Colloquium

Stratego/XT. A Language and Toolset for Program Transformation

Stratego/XT is a language and toolset for program transformation. The Stratego language provides rewrite rules for expressing basic transformations, programmable rewriting strategies for controlling the application of rules, concrete syntax for expressing the patterns of rules in the syntax of the object language, and dynamic rewrite rules for expressing context-sensitive transformations, thus supporting the development of transformation components at a high level of abstraction.

Tracing Ideas Through Digital Sketching

How do design ideas come together? Sketching provides a way to quickly examine a variety of design solutions. See how a digital pen-and-paper system reveals graphic processes through interactive animations. High-tech meets high-touch with Anoto technology, allowing traditional designers to easily generate vector animations. By recording stroke by stroke how designers develop their ideas, Architecture Professor Nancy Cheng is building a new way to teach drawing and research design thinking.

The Many Facets of Internet Topology

The Internet's layered architecture gives rise to a number of different topologies, with the lower layers defining more physical and the higher layers more virtual/logical types of connectivity structures. These topologies are very different and successful Internet topology modeling requires annotating the nodes and edges of the corresponding graphs with information that reflects their network-intrinsic meaning.

Making arbitrary graphs transitively orientable: minimal comparability completions

A transitive orientation of an undirected graph is an assignment of directions to its edges so that these directed edges represent a transitive relation between the vertices of the graph. Not every graph has a transitive orientation, but every graph can be turned into a graph that has a transitive orientation, by adding edges. We study the problem of adding an inclusion minimal set of edges to an arbitrary graph so that the resulting graph is transitively orientable. We show that this problem can be solved in polynomial time, and we give a surprisingly simple algorithm for it.

Toward Reference Reconciliation and Inconsistency in Ontology-based Data Integration

In my DRP, I explained how data integration can be implemented using a logic-based theorem prover or reasoner. The framework is based on ontology translation at a high level plus various syntax wrappers to store and retrieve data from underlying sources at the low level. This work focused primarily on the scenario of one source and one target. But how about multiple sources? This problem becomes interesting when we consider that each model transformation reasons independently over objects in the source domain, but it is highly possible that objects are shared across domains.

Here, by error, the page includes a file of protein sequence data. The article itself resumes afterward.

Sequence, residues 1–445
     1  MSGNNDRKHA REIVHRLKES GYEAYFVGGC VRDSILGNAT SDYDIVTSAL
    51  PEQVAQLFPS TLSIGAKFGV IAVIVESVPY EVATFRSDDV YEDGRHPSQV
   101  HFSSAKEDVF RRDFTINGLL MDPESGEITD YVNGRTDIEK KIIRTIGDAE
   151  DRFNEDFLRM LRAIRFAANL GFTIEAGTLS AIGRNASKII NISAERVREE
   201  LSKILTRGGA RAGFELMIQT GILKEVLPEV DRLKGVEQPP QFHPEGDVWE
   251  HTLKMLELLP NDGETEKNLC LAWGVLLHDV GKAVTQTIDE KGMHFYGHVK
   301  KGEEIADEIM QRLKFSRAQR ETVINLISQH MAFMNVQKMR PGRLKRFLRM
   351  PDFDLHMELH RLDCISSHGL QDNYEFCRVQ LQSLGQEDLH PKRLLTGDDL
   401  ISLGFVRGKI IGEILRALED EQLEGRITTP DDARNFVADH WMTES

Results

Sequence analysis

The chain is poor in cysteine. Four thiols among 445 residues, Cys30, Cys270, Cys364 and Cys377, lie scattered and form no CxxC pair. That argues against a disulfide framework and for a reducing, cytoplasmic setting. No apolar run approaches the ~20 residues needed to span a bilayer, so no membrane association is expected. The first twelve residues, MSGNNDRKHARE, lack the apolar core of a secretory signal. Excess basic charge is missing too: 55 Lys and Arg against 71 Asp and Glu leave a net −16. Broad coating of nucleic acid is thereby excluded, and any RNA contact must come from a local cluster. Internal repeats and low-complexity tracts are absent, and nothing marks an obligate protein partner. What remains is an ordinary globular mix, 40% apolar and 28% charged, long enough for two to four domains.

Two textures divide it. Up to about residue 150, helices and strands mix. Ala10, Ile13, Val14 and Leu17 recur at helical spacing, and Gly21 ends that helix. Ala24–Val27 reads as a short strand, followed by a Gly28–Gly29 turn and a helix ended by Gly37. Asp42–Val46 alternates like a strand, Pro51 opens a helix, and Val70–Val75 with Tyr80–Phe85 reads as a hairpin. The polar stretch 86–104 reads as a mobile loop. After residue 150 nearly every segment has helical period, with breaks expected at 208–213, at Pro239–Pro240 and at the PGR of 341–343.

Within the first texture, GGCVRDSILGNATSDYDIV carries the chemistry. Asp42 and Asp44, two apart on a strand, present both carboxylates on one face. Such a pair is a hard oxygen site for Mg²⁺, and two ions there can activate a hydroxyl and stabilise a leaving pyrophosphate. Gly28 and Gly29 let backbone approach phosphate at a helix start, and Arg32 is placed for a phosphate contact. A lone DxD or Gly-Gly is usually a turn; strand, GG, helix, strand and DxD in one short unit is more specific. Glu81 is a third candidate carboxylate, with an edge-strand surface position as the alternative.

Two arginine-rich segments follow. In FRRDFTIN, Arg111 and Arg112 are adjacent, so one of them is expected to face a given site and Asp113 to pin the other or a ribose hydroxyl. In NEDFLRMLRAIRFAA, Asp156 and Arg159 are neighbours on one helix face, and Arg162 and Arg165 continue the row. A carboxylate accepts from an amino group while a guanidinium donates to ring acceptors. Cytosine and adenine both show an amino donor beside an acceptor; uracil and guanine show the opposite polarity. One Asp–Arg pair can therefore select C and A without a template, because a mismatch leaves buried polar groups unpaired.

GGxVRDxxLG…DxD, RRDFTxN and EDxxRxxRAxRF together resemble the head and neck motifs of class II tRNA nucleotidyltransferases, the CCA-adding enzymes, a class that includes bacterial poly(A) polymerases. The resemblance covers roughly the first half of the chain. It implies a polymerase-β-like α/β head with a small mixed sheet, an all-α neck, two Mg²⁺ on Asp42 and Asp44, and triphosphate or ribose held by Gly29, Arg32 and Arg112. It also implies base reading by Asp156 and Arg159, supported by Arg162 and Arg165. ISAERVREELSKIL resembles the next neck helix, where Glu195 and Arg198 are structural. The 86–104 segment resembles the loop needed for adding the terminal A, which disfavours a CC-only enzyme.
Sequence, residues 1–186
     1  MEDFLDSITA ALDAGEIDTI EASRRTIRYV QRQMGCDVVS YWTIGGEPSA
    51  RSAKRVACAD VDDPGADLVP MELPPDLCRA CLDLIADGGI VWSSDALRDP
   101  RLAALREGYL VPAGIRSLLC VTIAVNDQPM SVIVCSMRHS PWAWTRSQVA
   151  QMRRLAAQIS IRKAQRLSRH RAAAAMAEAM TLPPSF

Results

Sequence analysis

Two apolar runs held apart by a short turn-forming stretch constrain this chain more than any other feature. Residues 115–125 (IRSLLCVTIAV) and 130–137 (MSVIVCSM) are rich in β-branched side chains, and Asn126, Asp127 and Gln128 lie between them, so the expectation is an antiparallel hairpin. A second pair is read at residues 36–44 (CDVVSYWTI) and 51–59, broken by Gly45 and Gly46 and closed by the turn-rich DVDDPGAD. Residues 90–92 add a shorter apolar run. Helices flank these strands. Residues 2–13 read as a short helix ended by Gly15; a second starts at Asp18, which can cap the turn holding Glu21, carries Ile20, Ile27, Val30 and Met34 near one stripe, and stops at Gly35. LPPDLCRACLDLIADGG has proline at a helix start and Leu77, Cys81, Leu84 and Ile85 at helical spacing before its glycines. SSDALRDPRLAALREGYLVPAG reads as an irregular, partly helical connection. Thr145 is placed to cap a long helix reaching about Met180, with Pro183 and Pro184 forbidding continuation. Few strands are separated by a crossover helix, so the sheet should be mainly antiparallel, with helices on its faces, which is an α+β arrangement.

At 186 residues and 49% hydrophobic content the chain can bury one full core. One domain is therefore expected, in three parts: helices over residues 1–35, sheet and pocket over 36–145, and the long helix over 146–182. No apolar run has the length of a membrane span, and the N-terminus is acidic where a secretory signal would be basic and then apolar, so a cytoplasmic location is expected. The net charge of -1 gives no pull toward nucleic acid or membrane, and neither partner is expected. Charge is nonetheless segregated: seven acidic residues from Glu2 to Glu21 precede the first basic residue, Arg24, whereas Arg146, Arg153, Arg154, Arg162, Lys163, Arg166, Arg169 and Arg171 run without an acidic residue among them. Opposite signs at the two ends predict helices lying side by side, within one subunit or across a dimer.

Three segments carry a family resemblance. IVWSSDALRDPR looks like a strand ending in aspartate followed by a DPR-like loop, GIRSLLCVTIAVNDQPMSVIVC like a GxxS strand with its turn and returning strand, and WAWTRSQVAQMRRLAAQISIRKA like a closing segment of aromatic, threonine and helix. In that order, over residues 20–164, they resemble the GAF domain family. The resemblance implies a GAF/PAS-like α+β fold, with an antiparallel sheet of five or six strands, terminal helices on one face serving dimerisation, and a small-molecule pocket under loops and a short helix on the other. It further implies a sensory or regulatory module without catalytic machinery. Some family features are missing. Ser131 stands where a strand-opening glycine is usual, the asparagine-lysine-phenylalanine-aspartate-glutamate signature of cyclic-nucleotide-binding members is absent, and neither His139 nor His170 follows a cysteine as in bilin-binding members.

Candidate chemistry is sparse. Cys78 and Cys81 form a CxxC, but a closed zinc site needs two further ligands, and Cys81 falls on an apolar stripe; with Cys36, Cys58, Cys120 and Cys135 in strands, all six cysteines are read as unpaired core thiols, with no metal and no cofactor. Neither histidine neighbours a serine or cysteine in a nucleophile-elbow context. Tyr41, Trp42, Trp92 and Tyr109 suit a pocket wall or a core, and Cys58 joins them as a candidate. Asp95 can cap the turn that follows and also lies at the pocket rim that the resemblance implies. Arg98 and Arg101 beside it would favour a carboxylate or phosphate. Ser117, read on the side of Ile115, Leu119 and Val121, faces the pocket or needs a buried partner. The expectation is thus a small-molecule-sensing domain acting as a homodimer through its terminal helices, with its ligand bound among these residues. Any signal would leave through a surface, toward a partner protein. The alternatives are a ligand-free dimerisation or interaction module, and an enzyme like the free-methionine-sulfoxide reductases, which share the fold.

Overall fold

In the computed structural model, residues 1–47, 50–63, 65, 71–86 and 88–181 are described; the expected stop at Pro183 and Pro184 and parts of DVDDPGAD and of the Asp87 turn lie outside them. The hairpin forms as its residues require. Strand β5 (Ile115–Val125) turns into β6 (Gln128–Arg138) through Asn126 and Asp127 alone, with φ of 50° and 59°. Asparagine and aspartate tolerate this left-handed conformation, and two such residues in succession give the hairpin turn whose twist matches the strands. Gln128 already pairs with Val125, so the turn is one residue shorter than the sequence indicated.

Vector and Tensor Field Design on Surfaces

Vector and tensor fields appear naturally in many engineering and graphics applications. In this work, we develop a interactive design system for vector and tensor fields on 3D surfaces, which enables painterly rendering, pen-and-ink sketching of 3D shapes, texture synthesis, and quad-dominant remeshing. At the core of our system are efficient algorithms for the analysis and control of vector and tensor fields. For instance, vector and tensor fields often contain unwanted singularities, where visual artifacts can occur.

Putting the Curry-Howard Isomorphism to Work

There has been a lot of recent interest in exploiting the Curry-Howard isomorphism in type systems for more or less traditional programming languages. Types based upon the Curry-Howard isomorphism can express precise properties of programs. Such properties can be either functional or non-functional properties. I.e. they can constrain either the output of the program, or the resources needed to produce the output, or both. In the talk I will introduce the basic ideas from scratch, and give many, many examples that illustrate its use.

Determining the Scope of Alorithms

Algorithms that are known to work well in practice are often applied to problems besides the one that they were originally designed to solve. This is accomplished by transforming the input and output into the appropriate format. Applying an algorithm to other problems is only useful when these transformations are efficient, hence there are limits on the scope of an algorithm. 

Towards a Flexible, Reusable Model for Predicting Eye Movements During Visual Search of Computer Screens: Investigating the Effects of Semantic and Perceptual Grouping

Visual search is an integral and complicated component of most human-computer interaction (HCI) tasks. Most computer tasks involve visual search. Further, many design decisions can affect visual search. For example, listing menu items alphabetically or grouped by function can reduce the number of items the user needs to search through when compared to arbitrarily ordered items. Common or well-understood terms for web page link labels can increase the chance that users choose the correct links.

On the Design and Implementation of Static Analysis Tools

At Microsoft, we now regularly apply a new generation of static analysis tools that can automatically identify serious defects in programs. These tools examine millions of lines of code every day, long before the software is released for general use. With these tools, we catch more defects earlier in the software process, enabling Microsoft to deliver more reliable systems. A number of these tools have been released for general use through Microsoft's Visual Studio integrated development environment as well as freely available development kits.

Pages

Subscribe to RSS - Colloquium